An Eskimo tells Stefansson that it was well known that the Eskimo could raise people from the dead, citing an anecdote, and thus asks "why should we doubt that Christ could do it, too?"
April 1, 1912
My Life with the Eskimo - Chapter 27
Another of our Eskimo, Tannaumirk, was considered by his countrymen, the Mackenzie River people, as exceptionally well versed in the truths of the new religion. He was, on the whole, a very sensible boy and a bit philosophical, although not very resourceful or self-reliant in every-day affairs. He liked to have long talks on the whys and wherefores of things. It was during the convalescence of Dr. Anderson from pneumonia at Cape Parry that Tannaumirk and I one day were discussing the religion of his people and mine. "Is it true, ” he asked me, “that Christ was the only white man who could raise people from the dead?”
“Yes,” I told him, “He was the only one; and some of my countrymen doubt that even He could.”
Said Tannaumirk: “I can understand how that might easily be so with your countrymen. If Christ was the only white man who could do it, and if you never knew of any one else who could, I can see why you should doubt His being able to do it. You naturally would not understand how it was done. But we Eskimo do not doubt it, because we understand it. We ourselves can raise people from the dead. You know that some years before you first came to the Mackenzie district Taiakpanna died. He died in the morning, and Alualuk, the great shaman, arrived in the afternoon. The body of Taiakpanna was still lying there in the house; Alualuk immediately summoned his familiar spirits, performed the appropriate ceremonies, and woke Taiakpanna from the dead, and, as you know, he is still living. If Alualuk could do it, why should we doubt that Christ could do it, too?”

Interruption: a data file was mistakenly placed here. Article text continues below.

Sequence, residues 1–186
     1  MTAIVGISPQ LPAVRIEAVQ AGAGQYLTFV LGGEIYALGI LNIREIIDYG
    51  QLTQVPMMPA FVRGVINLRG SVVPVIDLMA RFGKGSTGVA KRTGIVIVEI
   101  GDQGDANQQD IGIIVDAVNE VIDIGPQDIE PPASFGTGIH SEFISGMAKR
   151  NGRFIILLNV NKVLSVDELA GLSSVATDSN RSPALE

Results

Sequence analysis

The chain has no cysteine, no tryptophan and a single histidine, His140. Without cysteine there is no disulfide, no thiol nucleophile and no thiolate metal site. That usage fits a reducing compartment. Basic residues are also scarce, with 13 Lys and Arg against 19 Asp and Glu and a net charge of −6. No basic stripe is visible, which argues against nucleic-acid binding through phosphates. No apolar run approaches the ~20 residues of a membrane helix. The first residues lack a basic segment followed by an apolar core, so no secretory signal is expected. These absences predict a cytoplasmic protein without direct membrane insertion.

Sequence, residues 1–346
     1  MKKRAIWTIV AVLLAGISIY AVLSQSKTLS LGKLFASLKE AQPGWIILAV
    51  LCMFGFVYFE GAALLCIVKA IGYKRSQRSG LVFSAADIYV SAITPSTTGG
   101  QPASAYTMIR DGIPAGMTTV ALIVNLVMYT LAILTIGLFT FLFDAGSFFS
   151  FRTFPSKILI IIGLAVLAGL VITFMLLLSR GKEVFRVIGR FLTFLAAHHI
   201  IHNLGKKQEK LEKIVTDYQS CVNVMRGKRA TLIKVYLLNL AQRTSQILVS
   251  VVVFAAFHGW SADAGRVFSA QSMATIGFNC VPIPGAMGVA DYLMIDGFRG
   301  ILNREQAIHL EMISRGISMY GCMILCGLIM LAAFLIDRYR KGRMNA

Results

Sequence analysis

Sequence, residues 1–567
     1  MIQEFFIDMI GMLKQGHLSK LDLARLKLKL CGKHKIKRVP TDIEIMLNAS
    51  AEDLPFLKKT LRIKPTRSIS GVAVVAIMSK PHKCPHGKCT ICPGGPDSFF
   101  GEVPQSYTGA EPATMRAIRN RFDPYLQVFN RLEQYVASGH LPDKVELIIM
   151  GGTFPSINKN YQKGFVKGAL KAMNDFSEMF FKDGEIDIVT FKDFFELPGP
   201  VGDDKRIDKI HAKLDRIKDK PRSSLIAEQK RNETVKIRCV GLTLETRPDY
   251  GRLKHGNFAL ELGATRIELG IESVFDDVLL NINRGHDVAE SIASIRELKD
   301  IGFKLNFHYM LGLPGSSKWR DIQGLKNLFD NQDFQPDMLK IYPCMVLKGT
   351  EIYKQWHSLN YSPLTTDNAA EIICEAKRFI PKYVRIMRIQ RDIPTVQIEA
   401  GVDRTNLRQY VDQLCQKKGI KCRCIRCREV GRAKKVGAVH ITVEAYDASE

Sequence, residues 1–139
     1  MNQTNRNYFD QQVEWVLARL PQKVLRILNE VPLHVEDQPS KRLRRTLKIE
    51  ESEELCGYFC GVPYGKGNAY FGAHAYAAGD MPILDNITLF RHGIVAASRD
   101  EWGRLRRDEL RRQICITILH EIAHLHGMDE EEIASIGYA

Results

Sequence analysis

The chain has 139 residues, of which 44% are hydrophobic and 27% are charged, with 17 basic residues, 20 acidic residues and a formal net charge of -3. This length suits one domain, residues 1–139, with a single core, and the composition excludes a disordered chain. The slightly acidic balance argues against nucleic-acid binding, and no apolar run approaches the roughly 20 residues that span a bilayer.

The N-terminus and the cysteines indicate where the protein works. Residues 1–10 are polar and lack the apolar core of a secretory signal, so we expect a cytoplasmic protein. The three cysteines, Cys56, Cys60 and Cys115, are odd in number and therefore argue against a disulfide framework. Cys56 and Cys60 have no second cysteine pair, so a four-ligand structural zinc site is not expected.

This Alualuk referred to by Tannaumirk is a Point Barrow Eskimo living among the Mackenzie people. I have known him for many years, and I also knew Taiakpanna during the winter of 1906–07. He was then an old man, possibly sixty years of age. The spring of 1912, on my way from Langton Bay to Point Barrow, I visited Alualuk's house and stayed there overnight. Among other things, he told me, about as Tannaumirk had related it, the story of how he had waked Taiakpanna from the dead a few years ago, tinued, with evident regret, to the effect that now Taiakpanna had died again last year, and that he had this time been unable to wake him from the dead because he ( Alualuk) had now renounced his familiar spirits and had become a Christian. I asked him whether he could not possibly have summoned back his familiar spirits and awakened Taiakpanna. He said that possibly he might have; he did not know. The spirits had been rather badly offended by his having renounced them in favor of Christianity, and while they might have been willing to return to him again had he summoned them, it was more likely they would not have responded. But any way, he was a Christian now, and he knew it was wicked to employ familiar spirits. For that reason he would not have been willing to undertake to revive Taiakpanna even had he been able. After all, he pointed out to me, Taiakpanna was an old man, and it was time for him to die. He had been converted and had died in the true faith, and no doubt his soul had been saved and was now dwelling in everlasting bliss; and why should he interfere to confer a doubtful benefit on Taiakpanna, especially when it was at the risk of his own salvation ?
This statement of Alualuk's puts fairly clearly the attitude of his people toward things of the old religion. When the Norsemen accepted Jehovah they did not cease to believe in Thor and Odin, but they renounced them in favor of the higher new God and the preferred new religion. Thor and Odin continued to exist, becoming in the minds of the people the enemies of the new faith and of all who professed it. Just so the Eskimo still believe in all the spirits of the old faith and in all its other facts, and they believe all the Christian teachings on top of that. They have not ceased to have faith in the heathen things, but they have ceased to practice them because they are wicked and lessen one's chances of salvation. The familiar spirits have been renounced, but they still exist, and are in general inimical to the new faith and angry with their former patrons who have renounced them.